Not many people venture out to Racetrack Playa. The 30 or so miles of rough gravel road are notoriously bumpy and can be blamed for an abnormally high number of flat tires in proportion to the vehicles traveling on it. The playa is huge and flat, with concrete-hard silt partitioned into small hexagonal cobblestones. Alluvial fans and vast mountain ranges flank the playa, and the Grandstand, a jumble of black rock boulders crops up in its midst.
What makes this playa special, though, are its moving rocks. Dark stones dot its vast expanse, some about fist-sized, others a bit smaller than a standard microwave oven. Faint tracks trail behind many of these rocks, presumably pushed about by the wind when the playa is wet or frozen. The trails vary: some have gentle curves; others indicate abrupt changes in direction. Sometimes rocks seem to travel together, in groups of two or three. The trails of other rocks intersect or cross back over themselves.
After the long drive out, we set up camp just a couple miles beyond the southern edge of the playa. Dan and I remark with astonished gratitude on our lack-of-flat-tire luck. Then, just before the sun vanishes beyond the tips of the Cottonwood Mountains, we hop back in the car to visit the playa. Within our first mile back to the playa, we hear the tell-tale chime, warning us of low tire pressure. Hope seeps out of us, too, but luckily, we have a small compressor, and over the next 18 hours we are able to keep the slowly-leaking tire adequately filled. Throughout that evening and into the night, I imagine the tire’s hiss and try not to calculate the odds of more than one flat tire on the trip out.
There are a few people at the playa when we arrive; they are far off in the distance, little black specks slightly larger than the rocks they linger near. The horizontal plane of the playa almost seems unnatural. Compared to the rugged mountains and the rounded alluvial fans, it is improbable that such an even, level surface exists. Even the stormless horizon of the ocean appears more uneven than this.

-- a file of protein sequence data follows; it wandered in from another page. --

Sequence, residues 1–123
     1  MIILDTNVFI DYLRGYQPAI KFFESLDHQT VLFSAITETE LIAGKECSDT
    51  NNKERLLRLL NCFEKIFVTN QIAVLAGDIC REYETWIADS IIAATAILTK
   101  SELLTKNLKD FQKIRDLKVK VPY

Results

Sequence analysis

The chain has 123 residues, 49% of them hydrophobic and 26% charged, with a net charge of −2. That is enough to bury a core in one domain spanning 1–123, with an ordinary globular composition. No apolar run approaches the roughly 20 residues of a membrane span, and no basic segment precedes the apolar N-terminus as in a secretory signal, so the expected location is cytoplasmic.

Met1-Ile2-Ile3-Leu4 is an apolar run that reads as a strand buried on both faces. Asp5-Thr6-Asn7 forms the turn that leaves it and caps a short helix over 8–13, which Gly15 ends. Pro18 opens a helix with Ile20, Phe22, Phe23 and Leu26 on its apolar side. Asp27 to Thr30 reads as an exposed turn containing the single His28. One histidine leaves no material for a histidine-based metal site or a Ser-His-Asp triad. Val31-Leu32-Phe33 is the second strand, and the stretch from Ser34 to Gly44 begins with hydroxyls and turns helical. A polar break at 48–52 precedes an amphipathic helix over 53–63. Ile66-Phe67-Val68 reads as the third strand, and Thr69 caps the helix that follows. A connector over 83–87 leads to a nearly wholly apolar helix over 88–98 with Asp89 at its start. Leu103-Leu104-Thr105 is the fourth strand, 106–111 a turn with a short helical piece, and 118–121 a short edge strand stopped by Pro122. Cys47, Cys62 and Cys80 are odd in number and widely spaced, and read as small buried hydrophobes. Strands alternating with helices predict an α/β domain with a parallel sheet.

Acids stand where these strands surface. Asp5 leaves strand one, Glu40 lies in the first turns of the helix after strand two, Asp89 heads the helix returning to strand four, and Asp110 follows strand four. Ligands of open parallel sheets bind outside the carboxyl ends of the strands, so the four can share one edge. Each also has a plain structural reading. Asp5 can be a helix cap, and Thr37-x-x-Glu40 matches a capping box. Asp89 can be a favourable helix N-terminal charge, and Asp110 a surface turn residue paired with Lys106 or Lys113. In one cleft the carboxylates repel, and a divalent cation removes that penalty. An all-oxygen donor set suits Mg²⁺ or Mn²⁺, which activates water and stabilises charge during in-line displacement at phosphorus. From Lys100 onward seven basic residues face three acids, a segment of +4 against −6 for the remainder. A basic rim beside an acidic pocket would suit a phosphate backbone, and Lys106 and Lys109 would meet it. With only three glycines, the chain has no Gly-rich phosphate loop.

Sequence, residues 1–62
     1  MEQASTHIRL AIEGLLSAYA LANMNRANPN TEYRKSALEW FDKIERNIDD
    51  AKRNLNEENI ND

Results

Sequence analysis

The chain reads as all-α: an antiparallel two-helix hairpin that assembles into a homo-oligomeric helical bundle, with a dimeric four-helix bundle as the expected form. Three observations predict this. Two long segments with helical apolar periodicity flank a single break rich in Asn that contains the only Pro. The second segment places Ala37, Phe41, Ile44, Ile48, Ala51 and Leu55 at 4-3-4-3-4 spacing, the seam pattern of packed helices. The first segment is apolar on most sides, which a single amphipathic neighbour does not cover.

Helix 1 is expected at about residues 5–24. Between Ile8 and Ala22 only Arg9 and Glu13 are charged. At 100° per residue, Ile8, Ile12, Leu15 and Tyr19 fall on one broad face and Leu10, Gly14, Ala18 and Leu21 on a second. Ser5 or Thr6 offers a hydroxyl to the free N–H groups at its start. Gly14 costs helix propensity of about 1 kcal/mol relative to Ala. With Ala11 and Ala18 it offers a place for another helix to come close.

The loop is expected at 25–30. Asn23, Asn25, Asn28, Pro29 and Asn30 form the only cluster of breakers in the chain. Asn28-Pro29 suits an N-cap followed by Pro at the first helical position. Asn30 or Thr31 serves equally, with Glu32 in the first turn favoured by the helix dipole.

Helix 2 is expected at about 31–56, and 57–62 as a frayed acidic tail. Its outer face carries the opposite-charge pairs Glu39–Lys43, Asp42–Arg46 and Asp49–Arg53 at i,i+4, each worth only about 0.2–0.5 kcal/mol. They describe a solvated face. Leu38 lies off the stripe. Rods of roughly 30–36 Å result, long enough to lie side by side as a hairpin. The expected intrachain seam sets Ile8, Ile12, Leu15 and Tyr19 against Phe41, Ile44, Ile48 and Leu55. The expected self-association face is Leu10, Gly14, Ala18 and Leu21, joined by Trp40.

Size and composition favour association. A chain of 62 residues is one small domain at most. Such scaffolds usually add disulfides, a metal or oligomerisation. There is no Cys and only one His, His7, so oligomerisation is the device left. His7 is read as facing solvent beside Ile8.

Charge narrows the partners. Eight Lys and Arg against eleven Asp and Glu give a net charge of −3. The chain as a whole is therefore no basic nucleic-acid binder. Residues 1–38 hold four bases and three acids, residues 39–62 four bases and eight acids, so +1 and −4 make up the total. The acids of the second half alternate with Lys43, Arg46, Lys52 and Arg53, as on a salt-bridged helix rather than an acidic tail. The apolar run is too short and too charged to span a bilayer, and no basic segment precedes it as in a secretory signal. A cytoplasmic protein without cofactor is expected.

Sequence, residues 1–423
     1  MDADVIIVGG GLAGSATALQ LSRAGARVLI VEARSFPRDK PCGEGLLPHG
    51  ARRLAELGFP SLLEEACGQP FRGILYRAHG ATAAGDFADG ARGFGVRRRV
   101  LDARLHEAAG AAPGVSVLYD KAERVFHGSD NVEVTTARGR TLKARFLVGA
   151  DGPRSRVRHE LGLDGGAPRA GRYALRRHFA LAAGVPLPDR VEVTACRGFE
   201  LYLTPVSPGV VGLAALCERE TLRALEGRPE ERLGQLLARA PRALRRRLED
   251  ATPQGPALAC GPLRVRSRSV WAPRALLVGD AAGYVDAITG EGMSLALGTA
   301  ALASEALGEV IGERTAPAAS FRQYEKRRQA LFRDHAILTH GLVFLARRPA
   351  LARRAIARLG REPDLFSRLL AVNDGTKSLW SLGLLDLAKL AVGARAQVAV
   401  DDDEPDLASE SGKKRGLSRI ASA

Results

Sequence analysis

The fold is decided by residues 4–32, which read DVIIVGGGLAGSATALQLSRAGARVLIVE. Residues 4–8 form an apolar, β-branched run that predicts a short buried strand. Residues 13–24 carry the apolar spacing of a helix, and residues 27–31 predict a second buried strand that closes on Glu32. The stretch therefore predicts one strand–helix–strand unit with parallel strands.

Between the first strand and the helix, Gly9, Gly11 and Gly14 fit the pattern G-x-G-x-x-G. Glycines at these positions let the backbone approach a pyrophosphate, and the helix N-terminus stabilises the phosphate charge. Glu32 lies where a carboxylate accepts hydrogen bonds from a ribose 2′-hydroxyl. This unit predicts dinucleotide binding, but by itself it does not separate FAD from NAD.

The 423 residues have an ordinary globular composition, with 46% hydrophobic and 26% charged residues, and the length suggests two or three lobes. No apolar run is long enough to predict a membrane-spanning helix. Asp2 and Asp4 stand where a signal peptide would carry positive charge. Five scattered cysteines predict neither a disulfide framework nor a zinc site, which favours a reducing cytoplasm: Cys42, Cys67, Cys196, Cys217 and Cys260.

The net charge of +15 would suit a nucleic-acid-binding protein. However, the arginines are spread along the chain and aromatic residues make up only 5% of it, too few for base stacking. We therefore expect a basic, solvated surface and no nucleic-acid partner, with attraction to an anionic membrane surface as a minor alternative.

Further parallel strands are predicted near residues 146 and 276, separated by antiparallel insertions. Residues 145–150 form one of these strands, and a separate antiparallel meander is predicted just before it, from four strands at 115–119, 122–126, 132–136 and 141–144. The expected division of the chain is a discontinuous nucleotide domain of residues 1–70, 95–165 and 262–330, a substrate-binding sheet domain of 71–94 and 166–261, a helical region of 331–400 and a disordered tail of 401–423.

The girls wander, running across the playa, playful as only sisters can be. We venture nearly all the way across, more than a mile, zigzagging from rock to rock, following their paths and stopping for lots of photographs. The long shadows make for more interesting photos. The only other person we encounter is a serious photographer with a lens nearly the size of my head, setting up his tripod here and there. We do our best to stay out of his photos.
The next morning, after pumping the tire again and disassembling camp, we head back towards the playa, stopping to explore the Grandstand. The black rocks there are embedded with large crystals and the girls clamber up and down the massive boulders. The moving rocks around it, though, have left less prominent trails, or perhaps the trails have been eroded by the relentless wind. The surface of the playa here is also smooth, without the interesting hexagonal shapes we saw last evening. Again, we are alone, the only other people visible a large group of college students preparing for a backpacking trip into the mountains on the far side of the road.
We leave, somewhat reluctantly, knowing that this is a magical place and wondering if we’ll ever return. But we have to head for Beatty, Nevada, in hopes of getting the flat fixed. A couple hours later, we pull into Revert’s 24-hour Tire. And old yellow lab and a younger pointer lie in the sun, lifting their sleepy heads in greeting. Three men sit outside the garage, looking considerably more weathered than the cast of the Andy Griffith Show. It is just the scene I’d expect if my life were a movie. The youngest – probably my age – quickly hops up to tend to our tire; he is so quick and efficient that before I even know it, he has the tire in a sudsy bucket, searching for the leak.
I can’t help to be distracted, though, because at our feet is a tiny husky, a mere five weeks old, one of the wrinkled men tells me. We ask the puppy’s name, but the man can’t pronounce it, saying it’s the Shoshone word for ‘wolf and it’s beyond his linguistic reach. We pet the dogs and take copious amounts of photos of this puppy, who is so clumsy and fuzzy, stumbling among us on his way-too-big paws, chewing our hands and looking for affection, which we are more than happy to provide. And in spite of the rigidly political, far-right bumper stickers plastered over the wall of the shop, the men are incredibly friendly, and our mutual smitten-ness with this little pup unify us and them.
I wonder at the gems the past 24 hours have brought us: from moving rocks on an other-worldly landscape, to this Mayberry-esque cast of characters, and to this sweet little pup who makes the anxiety of our flat tire melt away as much as the quick work of the tire repairman. Moments later, the tire is finished and re-mounted, and we say our goodbyes, grateful for the service, each of us lingering for one last pet of this sweet little wolf pup, heading first towards the decaying ghost town of Rhyolite, and then through the glittering lights of Las Vegas, homeward bound.